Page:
--reportdir DIRECTORY       Output directory of the report [default: "report"]
    -f, --format FORMATTER          Choose a formatter for display | <[p]> [d] [t] [j] [f] [null] [debug]
    -o, --output FORMATTER          Choose a generator(s) to generate a report file(s) [default: none]
        --{no-}color                Enable or disable color [default: enabled if the output is a TTY]
        --skip-message VERBOSITY    Mute skip message | <[verbose]> [moderate] [quiet]
        --pending-message VERBOSITY Mute pending message | <[verbose]> [quiet]
        --quiet                     Equivalent of --skip-message quiet --pending-message quiet
        --(show|hide)-deprecations  Show or hide deprecations details [default: show]

  **** Ranges / Filters / Focus ****

    You can run selected examples by specified the line numbers or ids

      shellspec path/to/   # Run the groups or examples that includes lines 10
      shellspec path/to/ # Run the 5th groups/examples defined in the 1st group
      shellspec  # You can mixing multiple line numbers and ids with join by ":"

    -F, --focus                     Run focused groups / examples only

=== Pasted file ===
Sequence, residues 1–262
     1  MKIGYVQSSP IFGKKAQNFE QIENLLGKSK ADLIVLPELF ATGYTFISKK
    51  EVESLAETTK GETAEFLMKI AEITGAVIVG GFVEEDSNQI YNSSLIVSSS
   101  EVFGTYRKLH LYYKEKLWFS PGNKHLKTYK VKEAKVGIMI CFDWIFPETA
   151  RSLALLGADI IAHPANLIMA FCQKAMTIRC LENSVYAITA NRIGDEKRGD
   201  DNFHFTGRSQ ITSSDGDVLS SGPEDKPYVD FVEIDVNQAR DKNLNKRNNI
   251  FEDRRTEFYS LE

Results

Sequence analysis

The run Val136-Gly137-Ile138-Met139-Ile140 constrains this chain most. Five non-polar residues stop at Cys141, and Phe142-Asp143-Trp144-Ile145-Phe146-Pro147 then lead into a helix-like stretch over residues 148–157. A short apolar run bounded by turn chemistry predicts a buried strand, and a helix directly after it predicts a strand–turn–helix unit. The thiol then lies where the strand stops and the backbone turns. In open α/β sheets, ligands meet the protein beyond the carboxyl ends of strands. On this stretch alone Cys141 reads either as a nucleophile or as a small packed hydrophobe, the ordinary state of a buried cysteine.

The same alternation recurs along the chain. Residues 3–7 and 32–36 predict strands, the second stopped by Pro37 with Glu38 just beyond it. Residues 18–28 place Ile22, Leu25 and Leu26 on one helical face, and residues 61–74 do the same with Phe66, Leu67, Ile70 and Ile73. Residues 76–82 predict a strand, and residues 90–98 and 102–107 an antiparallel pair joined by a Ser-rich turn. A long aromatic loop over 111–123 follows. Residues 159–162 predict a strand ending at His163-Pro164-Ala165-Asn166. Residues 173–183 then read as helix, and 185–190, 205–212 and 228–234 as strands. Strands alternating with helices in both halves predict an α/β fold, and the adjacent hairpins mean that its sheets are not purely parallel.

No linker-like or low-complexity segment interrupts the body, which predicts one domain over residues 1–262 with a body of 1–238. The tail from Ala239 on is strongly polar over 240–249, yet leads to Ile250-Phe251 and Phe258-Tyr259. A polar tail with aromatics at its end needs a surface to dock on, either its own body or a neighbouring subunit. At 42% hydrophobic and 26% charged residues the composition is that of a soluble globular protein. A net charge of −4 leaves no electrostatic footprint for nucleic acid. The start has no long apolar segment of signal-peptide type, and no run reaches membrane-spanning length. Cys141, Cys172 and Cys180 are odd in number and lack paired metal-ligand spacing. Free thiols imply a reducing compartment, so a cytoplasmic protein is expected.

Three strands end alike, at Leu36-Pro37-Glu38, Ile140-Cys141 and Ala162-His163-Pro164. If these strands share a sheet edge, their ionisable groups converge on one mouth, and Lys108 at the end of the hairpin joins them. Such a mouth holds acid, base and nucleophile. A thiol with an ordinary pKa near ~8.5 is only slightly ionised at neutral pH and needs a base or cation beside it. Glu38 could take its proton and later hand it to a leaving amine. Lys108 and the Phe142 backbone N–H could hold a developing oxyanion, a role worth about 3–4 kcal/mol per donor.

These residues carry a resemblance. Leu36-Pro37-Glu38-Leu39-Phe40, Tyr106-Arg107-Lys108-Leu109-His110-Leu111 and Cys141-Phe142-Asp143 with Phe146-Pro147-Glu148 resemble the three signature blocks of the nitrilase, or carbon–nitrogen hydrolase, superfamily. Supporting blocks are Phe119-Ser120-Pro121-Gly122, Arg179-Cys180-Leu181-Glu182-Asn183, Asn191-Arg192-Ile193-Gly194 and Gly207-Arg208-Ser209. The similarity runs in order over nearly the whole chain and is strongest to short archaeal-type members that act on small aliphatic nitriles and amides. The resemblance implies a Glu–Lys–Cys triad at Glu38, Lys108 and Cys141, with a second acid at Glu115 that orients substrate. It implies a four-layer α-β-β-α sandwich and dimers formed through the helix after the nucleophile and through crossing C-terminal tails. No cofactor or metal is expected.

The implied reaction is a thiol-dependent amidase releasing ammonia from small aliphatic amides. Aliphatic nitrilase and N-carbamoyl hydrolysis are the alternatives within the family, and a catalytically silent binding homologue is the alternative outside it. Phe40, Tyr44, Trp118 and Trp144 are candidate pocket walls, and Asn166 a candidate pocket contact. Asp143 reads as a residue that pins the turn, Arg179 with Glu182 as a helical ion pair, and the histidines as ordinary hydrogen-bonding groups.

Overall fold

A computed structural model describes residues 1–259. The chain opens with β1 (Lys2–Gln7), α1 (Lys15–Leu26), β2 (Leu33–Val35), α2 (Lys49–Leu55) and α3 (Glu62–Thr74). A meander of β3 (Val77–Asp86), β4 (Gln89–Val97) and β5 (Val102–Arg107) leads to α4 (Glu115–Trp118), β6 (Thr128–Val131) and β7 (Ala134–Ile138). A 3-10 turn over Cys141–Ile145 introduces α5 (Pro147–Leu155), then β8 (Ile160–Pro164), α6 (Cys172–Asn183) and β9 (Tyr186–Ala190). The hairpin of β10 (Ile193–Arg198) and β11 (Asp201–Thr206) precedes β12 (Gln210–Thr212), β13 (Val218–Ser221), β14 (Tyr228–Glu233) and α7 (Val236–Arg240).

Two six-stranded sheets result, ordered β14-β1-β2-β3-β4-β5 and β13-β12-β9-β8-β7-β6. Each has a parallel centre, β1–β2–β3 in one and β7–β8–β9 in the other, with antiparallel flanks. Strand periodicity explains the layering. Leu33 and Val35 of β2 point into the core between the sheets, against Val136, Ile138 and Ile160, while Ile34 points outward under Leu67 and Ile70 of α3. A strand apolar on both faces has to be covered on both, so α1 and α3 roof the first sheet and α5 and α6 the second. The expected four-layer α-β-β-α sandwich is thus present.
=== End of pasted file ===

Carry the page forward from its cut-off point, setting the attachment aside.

-P, --pattern PATTERN           Load files matching pattern [default: "*"]
    -E, --example PATTERN           Run examples whose names include PATTERN
    -T, --tag TAG[:VALUE]           Run examples with the specified TAG
        --default-path PATH         Set the default path where looks for examples [default: "spec"]

    You can specify the path recursively by prefixing it with the pattern "*/" or "**/"
      (This is not glob patterns and requires quotes. It is also available with --default-path)

      shellspec "*/spec"               # The pattern "*/" matches 1 directory
      shellspec "**/spec"              # The pattern "**/" matches 0 and more directories
      shellspec "*/*/**/"  # These patterns can be specified multiple times

    -L, --dereference               Dereference all symlinks in in the above pattern [default: disabled]

  **** Coverage ****

        --covdir DIRECTORY          Output directory of the Coverage Report [default: coverage]
        --{no-}kcov                 Enable coverage using kcov [default: disabled]
        --kcov-path PATH            Specify kcov path [default: kcov]
        --kcov-options OPTIONS      Additional Kcov options (coverage limits, coveralls id, etc)

  **** Utility ****

        --init [TEMPLATE...]        Initialize your project with ShellSpec | [spec] [git] [hg] [svn]
        --gen-bin [@COMMAND...]     Generate test support commands in "<HELPERDIR>/support/bin"
        --count                     Count the number of specfiles and examples
        --list LIST                 List the specfiles/examples | [specfiles] [examples(:id|:lineno)]
        --syntax-check              Syntax check of the specfiles without running any examples